January 5th, 2014 by Elizabeth | Tags: Audiology, AVT, Cochlear Implant, Facts, Hearing Aids, New Parents, Spoken Language | 16 Comments »
Whenever people ask me what I do, I tell them that I help families of children with hearing loss teach their children to listen and speak without the use of sign language. Inevitably, the next question I hear is, “HOW?!?” Those poor people. Little do they know that they’ve opened up the door for me to talk them to death about my one of my favorite subjects: The Auditory Brain. Most people think that hearing loss is an ear problem. Makes sense, right? But that answer fails to look into the complicated, incredible processes that help us communicate. It’s important for the general public to understand, but it’s even more important for the families of children with hearing loss and those who work with them.
Ears are incredible. Even those weird-looking folds on the outside of your ear (the pinna) are specially formed to capture sound and send it down your ear canal. The bones in your middle ear — the tiniest bones in your body — work together to send the sound through the system. The snail-shaped cochlea is filled with many, many tiny hair cells that move when sound waves pass through the fluid that surrounds them, stimulating the auditory nerve and sending impulses to the brain. All of those steps are important, but here’s the thing: if we could get those electrical impulses to the brain without needing any of those intermediary structures, a person could still experience sound. That’s what happens with the electrical signals of a cochlear implant (or an auditory brain stem implant). Those electrical signals travel up the auditory nerve to the auditory centers of the brain.
That’s when the real magic starts to happen. You see, no matter how good your hearing aids or how well programmed your cochlear implants, those sound waves or electrical impulses are meaningless until they are processed by the auditory cortex in the brain and become linked to sounds, words, or music. The brain has fantastic capacity to grow and change, and it is one of the crucial components to success with a cochlear implant. The brain has what we call experience dependent plasticity — a fancy way of saying “what happens to you shapes your brain.” For a child whose parents have chosen a listening and spoken language outcome, the more words that go in, the more listening experiences that child has, the more that center of their brain will grow. Conversely, if a person has gone through a long period of auditory deprivation (relying primarily on visual communication and/or not using hearing technology), that part of the brain gets pirated away to be used for different purposes (use it or lose it).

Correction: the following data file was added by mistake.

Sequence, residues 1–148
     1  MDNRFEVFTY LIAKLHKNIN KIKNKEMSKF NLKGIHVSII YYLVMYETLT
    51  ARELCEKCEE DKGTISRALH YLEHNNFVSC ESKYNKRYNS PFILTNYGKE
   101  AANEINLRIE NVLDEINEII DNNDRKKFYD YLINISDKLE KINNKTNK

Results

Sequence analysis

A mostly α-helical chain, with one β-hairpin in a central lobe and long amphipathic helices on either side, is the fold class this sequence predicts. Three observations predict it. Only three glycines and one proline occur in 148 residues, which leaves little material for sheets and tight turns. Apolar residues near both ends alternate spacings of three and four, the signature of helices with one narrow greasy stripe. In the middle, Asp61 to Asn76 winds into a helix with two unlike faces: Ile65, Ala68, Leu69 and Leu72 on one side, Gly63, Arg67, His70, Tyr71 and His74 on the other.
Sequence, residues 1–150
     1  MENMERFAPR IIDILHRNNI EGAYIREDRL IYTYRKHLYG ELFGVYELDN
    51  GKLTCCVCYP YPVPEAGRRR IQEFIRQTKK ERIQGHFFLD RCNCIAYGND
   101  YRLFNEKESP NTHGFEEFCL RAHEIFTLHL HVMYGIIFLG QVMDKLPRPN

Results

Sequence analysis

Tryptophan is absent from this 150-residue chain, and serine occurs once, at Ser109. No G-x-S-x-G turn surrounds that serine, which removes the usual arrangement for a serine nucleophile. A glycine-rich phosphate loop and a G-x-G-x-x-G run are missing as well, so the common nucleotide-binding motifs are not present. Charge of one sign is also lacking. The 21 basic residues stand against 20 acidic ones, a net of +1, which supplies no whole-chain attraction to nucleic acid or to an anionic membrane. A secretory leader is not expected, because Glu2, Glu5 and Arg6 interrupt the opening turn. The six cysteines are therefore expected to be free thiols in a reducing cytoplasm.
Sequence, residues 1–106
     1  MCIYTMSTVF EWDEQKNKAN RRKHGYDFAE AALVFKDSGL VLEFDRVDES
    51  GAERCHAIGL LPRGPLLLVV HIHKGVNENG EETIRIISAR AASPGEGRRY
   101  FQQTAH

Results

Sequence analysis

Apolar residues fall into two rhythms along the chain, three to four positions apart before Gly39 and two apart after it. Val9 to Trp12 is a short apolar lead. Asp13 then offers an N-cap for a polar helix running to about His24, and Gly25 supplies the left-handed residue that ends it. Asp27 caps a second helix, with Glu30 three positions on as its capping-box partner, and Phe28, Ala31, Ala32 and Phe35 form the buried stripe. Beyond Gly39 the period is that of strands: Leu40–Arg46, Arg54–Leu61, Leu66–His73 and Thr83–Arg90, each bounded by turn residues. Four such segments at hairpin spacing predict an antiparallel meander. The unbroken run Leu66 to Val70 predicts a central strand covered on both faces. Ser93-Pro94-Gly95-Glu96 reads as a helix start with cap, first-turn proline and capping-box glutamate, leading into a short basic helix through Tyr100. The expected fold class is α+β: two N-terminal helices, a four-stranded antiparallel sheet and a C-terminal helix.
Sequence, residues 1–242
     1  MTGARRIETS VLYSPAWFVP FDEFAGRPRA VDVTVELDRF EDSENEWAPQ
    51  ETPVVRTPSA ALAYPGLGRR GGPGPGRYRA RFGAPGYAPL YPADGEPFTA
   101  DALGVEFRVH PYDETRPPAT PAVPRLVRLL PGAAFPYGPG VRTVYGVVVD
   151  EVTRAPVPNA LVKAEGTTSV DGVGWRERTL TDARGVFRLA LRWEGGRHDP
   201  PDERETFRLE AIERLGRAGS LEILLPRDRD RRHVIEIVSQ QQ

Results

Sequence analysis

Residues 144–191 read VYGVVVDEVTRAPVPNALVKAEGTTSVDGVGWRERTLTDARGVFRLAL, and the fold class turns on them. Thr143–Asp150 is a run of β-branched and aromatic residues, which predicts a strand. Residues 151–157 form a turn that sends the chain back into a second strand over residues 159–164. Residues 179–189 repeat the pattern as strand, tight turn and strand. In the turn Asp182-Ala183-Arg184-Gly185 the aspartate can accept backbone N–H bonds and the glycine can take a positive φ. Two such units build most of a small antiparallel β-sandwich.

The brain is also all about connection. All of the cells in your brain (called neurons) connect to one another to form complex webs. These connections are called synapses. When a child hears the sound of a word and then puts it together with its meaning, a synapse is formed. Over time, those connections build stronger and stronger webs that enable us, for example, to hear the word “dog” and know not only what that means but also to connect it to a web of other information we know and have experienced (names of our family pets, different types of dogs, the sound a dog makes, stories we’ve read about dogs, etc.). If a child’s access to input is limited, either because they are not in a listening, talking environment, do not have appropriate hearing technology, or are not wearing their technology all waking hours, these synapses can be weaker, disorganized or even disconnected. The richer, fuller input a child receives going IN, the better speech, language, comprehension, and cognition they are going to have coming OUT. Remember: the quality of the INPUT determines the quality of the OUTPUT.
The importance of the brain is why many leaders in the field have called hearing loss a “neurodevelopmental emergency.” If children with hearing loss do not receive access to sound and appropriate intervention as soon as possible, the auditory centers of their brain may never regain the infinite potential they have at birth to become fully functioning members of a world full of speech and sound. It is also one reason why we see varied results among cochlear implant users. If we — people with hearing loss, parents, professionals, and the public at large — could stop thinking “ears” when we think about hearing loss and start thinking BRAIN, we would be one step closer to achieving optimal outcomes!